When it comes to pain, however, it is usually not that simple which is why searching for ‘the thing‘ usually doesn’t work in the long-term. Particularly if you’ve had pain for a long time. Which doesn’t mean to say that it can’t change. It can. We know what can help to bring about change, the best practices research points to.
Two key aspects, education … and movement, are important. So that’s what we do in these classes.
Some kind of education piece, usually at the start of the class, is provided. I only spend a few minutes on this, but it’s important to do so. One of the most common things I see with people in pain is the fear of moving. If I can help you to understand why it might be safe to move and why it’s important to do so, that’s a good place to begin.
“Current evidence supports the use of pain neuroscience education (PNE) for chronic musculoskeletal (MSK) disorders in reducing pain and improving patient knowledge of pain, improving function and lowering disability, reducing psychosocial factors, enhancing movement, and minimizing healthcare utilization.” 
Then, you practice. You get to experience how you might move, with guidance and guidelines, to learn what’s right for you. Which often won’t be the same as others in the room.
This is not a typical yoga class with sun salutations, downward dogs, lunges, forward folds, backbends. It is not even what I would call a ‘gentle yoga class’. Yes, we use slow, gentle movements. Yet, sometimes you might begin by just imagining the movement if you don’t yet feel safe to do it. Or you might practice it in your mind, plan out how you might go about it and if it feels right for you. It is always your choice to do or not do anything presented in class. You always get to decide how to move, how far to move, by using a slow, mindful exploration along with guidelines and principles utilized.
Most movements are fairly simple and modifications are always available. You’ll experience a lot of repetition, and rhythmic movements. Movements that cross the midline of the body. Movements that challenge your brain as well as challenging your body. You, anyone, can really begin wherever you’re at. With what’s right for you.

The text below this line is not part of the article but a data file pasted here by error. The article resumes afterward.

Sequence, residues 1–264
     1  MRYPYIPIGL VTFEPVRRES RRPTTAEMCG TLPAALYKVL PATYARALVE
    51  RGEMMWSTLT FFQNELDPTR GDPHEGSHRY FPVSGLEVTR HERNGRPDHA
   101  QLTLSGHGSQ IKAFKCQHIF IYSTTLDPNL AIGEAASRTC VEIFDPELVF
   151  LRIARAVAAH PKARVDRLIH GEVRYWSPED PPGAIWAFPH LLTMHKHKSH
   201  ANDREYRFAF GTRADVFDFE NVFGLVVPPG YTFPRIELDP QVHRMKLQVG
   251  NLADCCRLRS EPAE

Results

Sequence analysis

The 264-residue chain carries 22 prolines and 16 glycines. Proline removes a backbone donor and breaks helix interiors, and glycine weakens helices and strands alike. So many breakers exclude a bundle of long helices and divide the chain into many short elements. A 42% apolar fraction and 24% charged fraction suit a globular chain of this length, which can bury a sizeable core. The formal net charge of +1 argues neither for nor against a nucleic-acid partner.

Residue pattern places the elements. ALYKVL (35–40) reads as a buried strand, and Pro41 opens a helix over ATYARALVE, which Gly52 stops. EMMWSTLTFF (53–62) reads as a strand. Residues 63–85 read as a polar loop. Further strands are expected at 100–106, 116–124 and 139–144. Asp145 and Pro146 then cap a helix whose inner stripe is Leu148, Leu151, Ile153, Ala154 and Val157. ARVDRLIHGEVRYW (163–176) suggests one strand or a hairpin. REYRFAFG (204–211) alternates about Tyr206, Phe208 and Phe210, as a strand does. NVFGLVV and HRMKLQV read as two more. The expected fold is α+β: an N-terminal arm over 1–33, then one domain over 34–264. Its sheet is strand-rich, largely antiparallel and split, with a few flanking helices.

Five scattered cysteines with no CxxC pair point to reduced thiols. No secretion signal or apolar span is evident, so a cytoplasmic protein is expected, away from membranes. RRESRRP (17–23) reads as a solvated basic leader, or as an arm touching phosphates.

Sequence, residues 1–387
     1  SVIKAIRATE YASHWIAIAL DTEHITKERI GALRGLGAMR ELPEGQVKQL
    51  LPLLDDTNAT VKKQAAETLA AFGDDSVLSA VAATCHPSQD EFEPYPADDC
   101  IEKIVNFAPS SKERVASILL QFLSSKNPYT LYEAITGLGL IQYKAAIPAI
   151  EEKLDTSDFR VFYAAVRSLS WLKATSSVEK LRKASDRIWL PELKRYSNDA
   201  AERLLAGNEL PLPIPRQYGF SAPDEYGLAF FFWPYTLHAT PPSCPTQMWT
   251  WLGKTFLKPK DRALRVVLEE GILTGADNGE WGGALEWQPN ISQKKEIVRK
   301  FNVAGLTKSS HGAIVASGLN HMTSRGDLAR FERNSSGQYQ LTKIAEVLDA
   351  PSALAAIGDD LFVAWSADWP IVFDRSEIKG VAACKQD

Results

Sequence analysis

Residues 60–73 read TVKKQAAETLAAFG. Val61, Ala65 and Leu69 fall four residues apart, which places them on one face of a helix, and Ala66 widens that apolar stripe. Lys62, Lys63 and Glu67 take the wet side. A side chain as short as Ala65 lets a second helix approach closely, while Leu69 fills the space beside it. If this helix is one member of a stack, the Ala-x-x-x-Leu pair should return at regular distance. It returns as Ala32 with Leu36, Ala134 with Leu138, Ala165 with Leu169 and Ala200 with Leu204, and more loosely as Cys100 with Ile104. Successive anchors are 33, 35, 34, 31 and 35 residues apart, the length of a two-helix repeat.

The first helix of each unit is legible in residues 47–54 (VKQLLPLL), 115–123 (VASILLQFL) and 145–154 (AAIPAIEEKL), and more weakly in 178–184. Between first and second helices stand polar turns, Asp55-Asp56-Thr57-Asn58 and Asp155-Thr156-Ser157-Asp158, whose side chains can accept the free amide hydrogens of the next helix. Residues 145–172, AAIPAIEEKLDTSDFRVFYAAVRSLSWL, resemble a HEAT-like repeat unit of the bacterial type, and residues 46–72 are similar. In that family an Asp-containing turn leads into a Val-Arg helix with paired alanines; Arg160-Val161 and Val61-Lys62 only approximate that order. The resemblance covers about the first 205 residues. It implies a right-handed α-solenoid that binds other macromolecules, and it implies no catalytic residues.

There will always be some kind of breathwork or a breath awareness piece in the practice. Again, it’s not so much about controlling the breath, rather what you might notice about your breath. How breath can be an indicator of your physical and emotional state at any given time. Also, learning how breath can help to bring about change to your nervous system, physiology, which can then change your experience of pain.
Like breath, awareness is key. So often when you are in pain the last thing you want to do is pay more attention to your body. But in fact, this paying attention is your guide to changing pain. It is in this noticing that you can begin to explore what the signals (or sensations) you feel might be indicating, what might be your unique contributors to pain, what might be the reasons for flare-ups. This practice is not only about noticing your body in class but then also paying attention to your whole self in your environment, in the larger world you live in.
There are many reasons, purposes and benefits to practice relaxation techniques. In most yoga classes this is done at the end of class. Though we’ll also do some kind of formal relaxation practice at the end, relaxation or creating a state of calm is facilitated right from the start.
It is when you are in a place of safety, when you are calm and relaxed, that change is likely to occur. It is this place of calm (a parasympathetic state) when you might first experience a change in your pain. Without this, it’s no different than trying to stretch, exercise, push through and strengthen your pain away, which seems not to work out so well.
If you’re interested in learning more, have any questions or would like to sign up for the next series of classes starting at the end of February, please get in touch here. I’d love for you to experience, how you might learn to change your pain. Or, if you prefer a one-to-one session, information can be found here.
 Adriaan Louw, Kory Zimney, Emilio J. Puentedura & Ina Diener(2016)The efficacy of pain neuroscience education on musculoskeletal pain: A systematic review of the literature,Physiotherapy Theory and Practice,32:5,332-355,DOI: 10.1080/09593985.2016.1194646